Life After Uni: the reality of post-graduation blues

Sarah Marsh - July 10, 2017

‘Best years of your life.’

‘Make the most of it while it lasts!’

‘It goes so fast!’

We’ve all heard them – the standard phrases used to describe your years at university. Like you need reminding that living a life filled with friends, exciting opportunities and long vacations, with all the freedom of adulthood but few of its responsibilities, is an amazing – and finite – experience. It’s no surprise that graduation is a bitter-sweet occasion; the elation of having achieved your degree is coupled with the knowledge that it’s not just coursework and exams that have come to an end.

“I had a degree certificate that told me I’d succeeded, but I felt like a failure. And I thought I was the only one.”

Most graduates are aware that moving into the ‘real world’ is likely to be a shock to the system, and that they’ll miss significant aspects of their uni days. But for many, post-graduation blues go beyond just missing your friends and weekday nights out. Experts have struggled to assess the extent of the problem, but most agree that it seems to be growing.


What’s causing it?

The truth is, there are a huge number of contributing factors. Rising living costs and a poor employment market mean many graduates are moving back home – a difficult step to take after the freedom and independence of living alone. Uncertainty about what they want – or how to achieve it – leave many graduates feeling directionless and lost. Friendship groups break up as people scatter all over the world for work, resulting in weakened support networks. All these things, and more, are creating a significant group of graduates who struggle to get over the loss of their university life.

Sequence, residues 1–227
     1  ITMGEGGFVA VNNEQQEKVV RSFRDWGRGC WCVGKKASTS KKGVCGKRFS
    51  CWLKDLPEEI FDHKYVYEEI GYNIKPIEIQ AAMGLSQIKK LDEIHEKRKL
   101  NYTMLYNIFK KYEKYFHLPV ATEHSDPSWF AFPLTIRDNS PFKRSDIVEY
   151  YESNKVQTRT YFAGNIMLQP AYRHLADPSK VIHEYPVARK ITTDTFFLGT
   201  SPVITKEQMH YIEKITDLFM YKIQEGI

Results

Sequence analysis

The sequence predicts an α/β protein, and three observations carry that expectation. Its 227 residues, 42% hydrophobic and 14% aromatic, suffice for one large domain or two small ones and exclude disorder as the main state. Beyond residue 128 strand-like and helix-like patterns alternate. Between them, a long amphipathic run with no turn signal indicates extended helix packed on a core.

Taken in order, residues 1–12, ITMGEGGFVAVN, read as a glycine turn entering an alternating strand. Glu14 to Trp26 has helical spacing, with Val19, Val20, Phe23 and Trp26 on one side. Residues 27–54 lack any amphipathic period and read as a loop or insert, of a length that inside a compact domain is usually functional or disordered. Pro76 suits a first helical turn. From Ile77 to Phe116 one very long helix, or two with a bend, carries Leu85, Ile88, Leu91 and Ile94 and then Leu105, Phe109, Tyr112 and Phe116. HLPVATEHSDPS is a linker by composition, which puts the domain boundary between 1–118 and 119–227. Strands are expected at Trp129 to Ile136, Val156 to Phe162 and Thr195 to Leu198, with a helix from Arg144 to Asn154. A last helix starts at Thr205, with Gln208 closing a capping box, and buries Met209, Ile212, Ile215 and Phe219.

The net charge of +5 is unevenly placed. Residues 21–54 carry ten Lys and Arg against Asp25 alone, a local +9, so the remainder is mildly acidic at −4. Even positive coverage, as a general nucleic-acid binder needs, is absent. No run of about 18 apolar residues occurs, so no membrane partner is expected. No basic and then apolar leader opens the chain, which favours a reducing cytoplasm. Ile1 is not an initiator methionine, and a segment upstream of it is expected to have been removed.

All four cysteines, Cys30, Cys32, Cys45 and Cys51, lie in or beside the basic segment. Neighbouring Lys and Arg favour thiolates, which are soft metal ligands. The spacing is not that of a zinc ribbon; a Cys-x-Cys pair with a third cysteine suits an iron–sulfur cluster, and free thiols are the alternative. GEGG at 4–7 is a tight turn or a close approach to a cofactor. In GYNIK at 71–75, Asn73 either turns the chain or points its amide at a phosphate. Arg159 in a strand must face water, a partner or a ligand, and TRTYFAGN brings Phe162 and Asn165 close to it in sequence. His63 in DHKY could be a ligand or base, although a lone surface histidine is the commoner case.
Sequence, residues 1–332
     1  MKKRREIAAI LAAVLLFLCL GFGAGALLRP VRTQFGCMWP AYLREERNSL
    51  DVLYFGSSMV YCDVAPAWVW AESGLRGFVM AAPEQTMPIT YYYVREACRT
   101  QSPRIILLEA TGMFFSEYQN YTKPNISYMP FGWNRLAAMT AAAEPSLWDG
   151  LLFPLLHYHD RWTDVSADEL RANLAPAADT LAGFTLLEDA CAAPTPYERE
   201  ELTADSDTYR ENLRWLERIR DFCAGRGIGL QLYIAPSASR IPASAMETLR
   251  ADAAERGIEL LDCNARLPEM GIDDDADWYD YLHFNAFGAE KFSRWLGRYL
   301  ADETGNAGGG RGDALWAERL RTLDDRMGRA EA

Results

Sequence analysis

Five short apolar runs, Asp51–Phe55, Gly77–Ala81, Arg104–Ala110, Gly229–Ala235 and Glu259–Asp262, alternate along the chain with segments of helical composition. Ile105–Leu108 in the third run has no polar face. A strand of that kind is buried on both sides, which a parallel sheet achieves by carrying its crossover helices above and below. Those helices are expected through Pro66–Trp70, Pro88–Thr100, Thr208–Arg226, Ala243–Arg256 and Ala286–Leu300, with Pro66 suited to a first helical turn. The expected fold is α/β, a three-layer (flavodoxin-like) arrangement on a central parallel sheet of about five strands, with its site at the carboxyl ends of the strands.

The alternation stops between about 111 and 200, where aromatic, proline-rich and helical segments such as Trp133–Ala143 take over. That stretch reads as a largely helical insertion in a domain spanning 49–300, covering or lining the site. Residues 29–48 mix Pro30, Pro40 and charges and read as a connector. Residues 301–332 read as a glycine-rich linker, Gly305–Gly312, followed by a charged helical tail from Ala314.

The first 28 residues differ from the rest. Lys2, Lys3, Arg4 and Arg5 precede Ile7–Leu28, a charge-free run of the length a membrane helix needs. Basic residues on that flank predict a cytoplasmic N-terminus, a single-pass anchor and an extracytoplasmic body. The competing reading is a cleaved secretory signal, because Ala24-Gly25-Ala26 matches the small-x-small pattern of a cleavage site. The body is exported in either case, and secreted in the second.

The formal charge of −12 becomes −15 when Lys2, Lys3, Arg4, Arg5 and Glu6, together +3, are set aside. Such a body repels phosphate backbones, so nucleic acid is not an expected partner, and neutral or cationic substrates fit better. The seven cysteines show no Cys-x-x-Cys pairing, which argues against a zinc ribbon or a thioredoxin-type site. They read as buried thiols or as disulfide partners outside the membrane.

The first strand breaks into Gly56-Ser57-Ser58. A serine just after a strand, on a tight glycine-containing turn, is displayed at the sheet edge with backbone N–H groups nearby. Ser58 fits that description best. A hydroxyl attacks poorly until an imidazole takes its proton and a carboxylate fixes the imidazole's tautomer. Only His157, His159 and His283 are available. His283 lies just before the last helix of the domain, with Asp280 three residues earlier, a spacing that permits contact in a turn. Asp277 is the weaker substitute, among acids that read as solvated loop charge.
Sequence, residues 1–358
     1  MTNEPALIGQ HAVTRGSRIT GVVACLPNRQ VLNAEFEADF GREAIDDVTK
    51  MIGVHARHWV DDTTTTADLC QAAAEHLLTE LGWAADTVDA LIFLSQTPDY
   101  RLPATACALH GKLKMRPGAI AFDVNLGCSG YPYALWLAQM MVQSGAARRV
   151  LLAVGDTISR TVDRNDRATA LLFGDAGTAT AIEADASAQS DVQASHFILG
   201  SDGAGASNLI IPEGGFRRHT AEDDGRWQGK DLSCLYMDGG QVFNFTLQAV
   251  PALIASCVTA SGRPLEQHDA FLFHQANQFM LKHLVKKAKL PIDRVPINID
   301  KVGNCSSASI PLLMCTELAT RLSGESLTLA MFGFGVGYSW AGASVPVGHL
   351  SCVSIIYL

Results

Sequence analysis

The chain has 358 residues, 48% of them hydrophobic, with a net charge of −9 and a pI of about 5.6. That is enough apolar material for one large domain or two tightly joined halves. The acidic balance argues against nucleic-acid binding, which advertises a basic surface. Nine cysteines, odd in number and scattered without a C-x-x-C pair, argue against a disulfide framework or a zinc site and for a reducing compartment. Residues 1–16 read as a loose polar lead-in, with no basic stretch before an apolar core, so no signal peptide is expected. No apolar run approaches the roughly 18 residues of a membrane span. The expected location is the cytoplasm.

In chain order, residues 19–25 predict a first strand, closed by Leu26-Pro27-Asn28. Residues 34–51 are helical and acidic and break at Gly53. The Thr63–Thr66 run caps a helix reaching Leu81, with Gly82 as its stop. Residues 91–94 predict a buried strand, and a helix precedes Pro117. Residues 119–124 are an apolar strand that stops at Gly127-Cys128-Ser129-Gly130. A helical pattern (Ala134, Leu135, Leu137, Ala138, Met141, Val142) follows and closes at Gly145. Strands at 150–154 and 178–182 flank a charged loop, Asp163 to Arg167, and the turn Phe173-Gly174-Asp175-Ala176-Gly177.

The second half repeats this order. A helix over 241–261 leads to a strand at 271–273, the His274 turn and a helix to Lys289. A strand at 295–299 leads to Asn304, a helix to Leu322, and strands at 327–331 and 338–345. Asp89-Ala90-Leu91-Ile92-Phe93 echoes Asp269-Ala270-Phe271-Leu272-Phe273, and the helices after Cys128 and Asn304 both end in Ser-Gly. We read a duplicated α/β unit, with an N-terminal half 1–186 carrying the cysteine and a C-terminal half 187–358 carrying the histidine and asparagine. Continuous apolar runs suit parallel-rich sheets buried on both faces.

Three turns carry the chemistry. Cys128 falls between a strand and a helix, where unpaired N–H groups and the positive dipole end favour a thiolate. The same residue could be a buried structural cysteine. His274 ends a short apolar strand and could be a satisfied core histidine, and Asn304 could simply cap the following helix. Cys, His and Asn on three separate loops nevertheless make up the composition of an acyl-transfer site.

So what’s the solution?

Unfortunately, there is no quick fix; moving on from something you love is always going to be hard. However, if you’re a new graduate, here’s my advice: talk about it. My experience of post-graduation was pretty rough. I didn’t have a job lined up, so was going through the (miserable) rollercoaster of job applications, interviews, and rejections. I didn’t have a career plan, and felt that every day I didn’t have one, I was falling further behind the curve. I missed my friends. I had a degree certificate that told me I’d succeeded, but I felt like a failure. And I thought I was the only one.

It turns out, plenty of my friends were feeling the same way; even the ones who seemed to have their career and post-uni life sorted. If I’d actually talked to them about it, I could have extinguished the sense of isolation I’d developed. If I’d talked to my family, they would have been able to understand and support me better.

Looking back, I’m convinced that if I’d talked to someone – anyone – I would have made it through one of the most challenging times of my life much more quickly.


The emotional challenges faced by graduates shouldn’t be underestimated, and they may not be easily overcome, but they certainly shouldn’t be faced alone. If you’re graduating now – or in the future – be prepared for the fact that it might not be smooth sailing, and think about who you’ll rely on if it isn’t.

If you are struggling, remember there is plenty of support and advice available online. We would particularly recommend Mind.0rg for advice and  Big White Wall – a community where you can anonymously discuss your feelings.